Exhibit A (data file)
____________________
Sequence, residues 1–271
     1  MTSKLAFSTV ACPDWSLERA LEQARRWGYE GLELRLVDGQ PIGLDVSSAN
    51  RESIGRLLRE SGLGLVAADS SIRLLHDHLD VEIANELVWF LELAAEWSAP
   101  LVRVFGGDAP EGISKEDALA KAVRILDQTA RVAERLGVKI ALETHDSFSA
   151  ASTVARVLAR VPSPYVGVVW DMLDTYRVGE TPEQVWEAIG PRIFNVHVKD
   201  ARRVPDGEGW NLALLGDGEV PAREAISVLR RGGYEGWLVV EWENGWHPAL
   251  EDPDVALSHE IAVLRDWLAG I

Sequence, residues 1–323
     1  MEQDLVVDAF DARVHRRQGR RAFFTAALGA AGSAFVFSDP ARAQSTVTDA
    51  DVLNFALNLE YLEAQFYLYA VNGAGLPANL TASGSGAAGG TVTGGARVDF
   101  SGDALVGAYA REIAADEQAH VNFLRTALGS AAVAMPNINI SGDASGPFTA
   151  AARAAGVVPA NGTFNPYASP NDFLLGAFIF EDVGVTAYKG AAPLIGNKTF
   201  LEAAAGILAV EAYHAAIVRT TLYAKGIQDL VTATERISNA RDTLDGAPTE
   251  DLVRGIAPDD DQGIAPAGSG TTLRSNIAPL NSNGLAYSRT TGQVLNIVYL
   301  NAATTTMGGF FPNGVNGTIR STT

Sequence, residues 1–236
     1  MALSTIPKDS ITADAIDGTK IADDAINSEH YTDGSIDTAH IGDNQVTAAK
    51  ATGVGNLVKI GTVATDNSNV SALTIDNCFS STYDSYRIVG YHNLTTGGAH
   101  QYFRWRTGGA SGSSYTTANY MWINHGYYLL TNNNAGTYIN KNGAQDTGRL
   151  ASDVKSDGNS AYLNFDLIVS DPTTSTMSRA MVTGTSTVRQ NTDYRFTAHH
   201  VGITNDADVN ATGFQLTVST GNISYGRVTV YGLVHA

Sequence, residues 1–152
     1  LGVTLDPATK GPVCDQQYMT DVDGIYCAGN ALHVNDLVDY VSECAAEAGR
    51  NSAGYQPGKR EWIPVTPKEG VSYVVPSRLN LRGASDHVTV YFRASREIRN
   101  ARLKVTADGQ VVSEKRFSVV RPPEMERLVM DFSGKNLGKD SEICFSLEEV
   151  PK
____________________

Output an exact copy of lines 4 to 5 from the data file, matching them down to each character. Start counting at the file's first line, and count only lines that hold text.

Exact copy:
   101  LVRVFGGDAP EGISKEDALA KAVRILDQTA RVAERLGVKI ALETHDSFSA
   151  ASTVARVLAR VPSPYVGVVW DMLDTYRVGE TPEQVWEAIG PRIFNVHVKD